Skip to content

Evolution of IEEE 802.16 family of standard

June 29, 2010

At the end of the twentieth century many telecommunication equipment manufacturers began to build up and present products for BWA. But the industry was undergoing for an interoperable standard. With that need the national Wireless Electronics Systems Testbed (N-WEST) of the U.S National Institute of Standards and Technology (NIST) called a meeting to talk about the topic in August 1998. The meeting ended up with a decision to organize within IEEE 802. This led to formation of the 802.16 Working Group. Since then, the Working Group members have been working a lot for the development of fixed and mobile BWA standards. IEEE Working Group 802.16 on Broadband Wireless Access (BWA) standard is responsible for development of 802.16 and the included WirelessMan air interface, along with associated standards and amendments.

The IEEE 802.16 standard contains the specification of Physical (PHY) and Medium Access Control (MAC) layer for BWA. The first version of the standard IEEE 802.16-2001 was approved on December 2001 and gone through many amendments to organize with new features and functionalities. On September 2004, the current version of the standard IEEE 802.16-2004 approved and combined all the previous versions of the standards. This standard specifies the air interface for fixed BWA systems in license and licensed exempt spectrum supporting multimedia services. The Working Group approved the amendment IEEE 802.16e-2005  on February 2006. The evolution of the standard 802.16 is presented shortly below.

IEEE 802.16-2001

To provide fixed broadband wireless access in a point-to-point (PTP) or point-to-multipoint (PMP) topology this issue specifies a set of MAC and PHY layer standards. The PHY layer uses single carrier modulation in 10-66 GHz frequency range. Base Station (BS) assigned transmission times, durations and modulations, shared with all nodes in the network in the form of broadcast Uplink and Downlink maps. Subscribers hear only the base station that they are connected to and do not need to listen any other node of the network. Subscriber Stations (SS) have the ability to negotiate for bandwidth allocation on a burst to burst basis to provide scheduling flexibility.

The modulation schemes which employed in this standard are QPSK, 16-QAM and 64-QAM. These can be changed from frame to frame and SS to SS, depending on the robustness of the connection. The standard supports both Time Division Duplexing (TDD) and Frequency Division Duplexing (FDD).

The ability of providing differential Quality of Service (QoS) in the MAC Layer is an important feature of 802.16-2001. QoS check performed by a Service Flow ID. Service flows can be originated either from BS or SS. 802.16-2001 works only in (Near) Line of Sight (LOS) conditions with outdoor Customer Premises Equipment (CPE).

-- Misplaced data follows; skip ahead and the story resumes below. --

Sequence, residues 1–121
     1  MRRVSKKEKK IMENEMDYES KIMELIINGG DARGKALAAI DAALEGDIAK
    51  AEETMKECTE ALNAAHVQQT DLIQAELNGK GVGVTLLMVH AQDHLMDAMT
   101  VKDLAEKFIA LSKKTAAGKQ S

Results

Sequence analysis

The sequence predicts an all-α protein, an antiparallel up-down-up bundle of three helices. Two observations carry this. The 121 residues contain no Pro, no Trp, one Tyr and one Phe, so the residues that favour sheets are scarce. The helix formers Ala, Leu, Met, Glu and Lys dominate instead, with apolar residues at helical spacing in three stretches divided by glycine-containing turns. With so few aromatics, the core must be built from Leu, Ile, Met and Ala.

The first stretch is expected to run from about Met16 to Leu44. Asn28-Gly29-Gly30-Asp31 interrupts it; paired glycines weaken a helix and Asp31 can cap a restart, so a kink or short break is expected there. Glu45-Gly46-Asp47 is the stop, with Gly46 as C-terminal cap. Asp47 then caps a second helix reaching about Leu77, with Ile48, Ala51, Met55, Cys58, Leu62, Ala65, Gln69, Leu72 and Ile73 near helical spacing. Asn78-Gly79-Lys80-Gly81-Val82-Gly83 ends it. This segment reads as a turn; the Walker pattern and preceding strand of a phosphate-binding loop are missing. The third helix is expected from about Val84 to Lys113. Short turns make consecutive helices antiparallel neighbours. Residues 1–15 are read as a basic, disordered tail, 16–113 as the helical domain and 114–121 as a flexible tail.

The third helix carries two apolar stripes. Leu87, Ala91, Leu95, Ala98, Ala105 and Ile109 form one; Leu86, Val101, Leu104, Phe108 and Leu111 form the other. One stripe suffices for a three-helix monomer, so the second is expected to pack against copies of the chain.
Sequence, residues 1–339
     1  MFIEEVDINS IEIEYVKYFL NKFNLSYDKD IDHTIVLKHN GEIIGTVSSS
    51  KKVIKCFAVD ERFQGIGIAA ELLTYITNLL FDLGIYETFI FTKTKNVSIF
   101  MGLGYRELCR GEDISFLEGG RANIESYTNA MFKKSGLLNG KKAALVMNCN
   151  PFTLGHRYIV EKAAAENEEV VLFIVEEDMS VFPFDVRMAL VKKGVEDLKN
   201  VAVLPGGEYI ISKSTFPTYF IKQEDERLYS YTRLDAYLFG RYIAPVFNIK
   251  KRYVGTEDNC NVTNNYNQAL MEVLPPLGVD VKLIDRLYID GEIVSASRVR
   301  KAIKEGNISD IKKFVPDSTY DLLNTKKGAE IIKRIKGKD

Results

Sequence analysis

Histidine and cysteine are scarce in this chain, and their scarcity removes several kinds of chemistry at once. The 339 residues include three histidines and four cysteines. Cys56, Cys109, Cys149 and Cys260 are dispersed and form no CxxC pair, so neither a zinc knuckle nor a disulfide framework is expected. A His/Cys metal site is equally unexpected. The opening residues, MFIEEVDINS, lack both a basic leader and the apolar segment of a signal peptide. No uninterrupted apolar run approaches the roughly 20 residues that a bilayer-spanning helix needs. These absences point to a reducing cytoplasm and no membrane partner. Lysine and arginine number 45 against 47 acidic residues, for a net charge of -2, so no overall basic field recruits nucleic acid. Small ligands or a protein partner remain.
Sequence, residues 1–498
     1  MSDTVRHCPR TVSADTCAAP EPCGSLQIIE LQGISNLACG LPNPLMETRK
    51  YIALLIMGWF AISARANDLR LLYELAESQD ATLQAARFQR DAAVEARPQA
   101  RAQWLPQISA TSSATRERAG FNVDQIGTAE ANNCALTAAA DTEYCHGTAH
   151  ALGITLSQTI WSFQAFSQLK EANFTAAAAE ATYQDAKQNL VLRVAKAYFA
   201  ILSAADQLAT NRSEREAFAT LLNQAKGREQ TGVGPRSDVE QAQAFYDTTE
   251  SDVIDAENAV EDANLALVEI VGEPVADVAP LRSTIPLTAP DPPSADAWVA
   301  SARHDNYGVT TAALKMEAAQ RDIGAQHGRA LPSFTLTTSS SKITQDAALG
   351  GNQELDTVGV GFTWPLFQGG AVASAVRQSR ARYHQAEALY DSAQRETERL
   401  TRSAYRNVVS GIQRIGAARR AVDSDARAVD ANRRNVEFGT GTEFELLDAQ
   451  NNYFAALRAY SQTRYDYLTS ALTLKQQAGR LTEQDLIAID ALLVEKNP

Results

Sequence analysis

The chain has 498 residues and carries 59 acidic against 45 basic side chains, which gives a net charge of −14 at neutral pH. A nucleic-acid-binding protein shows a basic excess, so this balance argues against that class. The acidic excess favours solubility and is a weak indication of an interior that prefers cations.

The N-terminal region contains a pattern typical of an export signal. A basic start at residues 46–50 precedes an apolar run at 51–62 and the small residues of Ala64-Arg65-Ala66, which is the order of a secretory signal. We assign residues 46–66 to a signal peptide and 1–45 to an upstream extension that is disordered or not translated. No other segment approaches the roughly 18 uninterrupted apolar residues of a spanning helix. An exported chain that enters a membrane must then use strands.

IEEE 802.16c-2002

IEEE Standards Board approved amendment IEEE 802.16c on December 2002. The detail system profiles for 10-66 GHz were added and some errors and irregularities of the first version of the standard were corrected in this amendment.

IEEE 802.16a-2003

This version amends IEEE 802.16-2001 by changing some characteristics. It enhances the medium access control layer so that it can support multiple physical layer specifications and providing additional physical layer specifications. IEEE 802.16 working group ratified this in January 2003. 2-11 GHz physical layer support was added in this amendment. Both licensed and license-exempt bands are included. As it operates below 11 GHz range, Non Line of Sight (NLOS) operation becomes possible which extends the geographical reach of the network. Multipath propagation becomes an issue due to NLOS operation. Multipath propagation, interference mitigation, advanced power management technique and adaptive antenna arrays were included in specification. Orthogonal Frequency Division Multiplexing (OFDM) inclusion was an alternative option to single carrier modulation. This version also improved Security issue. Some privacy layer features became obligatory while in 802.16-2001 they were optional. Mesh topology with PMP was an optional support in this version of IEEE802.16a.

Table: Comparison of IEEE 802.16 BWA Standard

IEEE 802.16-2001 IEEE 802.16a IEEE 802.16-2004 IEEE 802.16e-2005
Completed December 2001 January 2003 September 2004 December 2005
Spectrum 10-66 GHz 2-11 GHz 2-11 GHz 2-11 GHz
Propagation/Channel

Conditions

LOS NLOS NLOS NLOS
Bit Rate UP to 134 Mbps

(28 MHz

Channelization)

UP to 75 Mbps

(20 MHz

Channelization)

UP to 75 Mbps

(20 MHz

Channelization)

UP to 15 Mbps

(5 MHz

Channelization)

Modulation QPSK, 16-QAM

(optional in UL),

64-QAM

(optional)

BPSK, QPSK,

16-QAM,

64-QAM,

256-QAM

(optional)

256 subcarriers

OFDM, BPSK,

QPSK, 16-QAM,

64-QAM, 256-QAM

Scalable

OFDMA, QPSK,

16-QAM, 64-QAM, 256-QAM

(optional)

Mobility Fixed Fixed Fixed/Nomadic Portable/mobile

IEEE 802.16-2004

802.16-2001, 802.16c-2002 and 801.16a-2003 were integrated all together and a new standard created which is known as 802.16-2004. In the beginning, it was published as a revision of the standard under the name 802.16REVd, but the standard was reissued under the name 802.16-2004 at September 2004. This is the version of the standard which is used for WiMAX certification.

Advertisements
Leave a Comment

Leave a Reply

Fill in your details below or click an icon to log in:

WordPress.com Logo

You are commenting using your WordPress.com account. Log Out / Change )

Twitter picture

You are commenting using your Twitter account. Log Out / Change )

Facebook photo

You are commenting using your Facebook account. Log Out / Change )

Google+ photo

You are commenting using your Google+ account. Log Out / Change )

Connecting to %s

%d bloggers like this: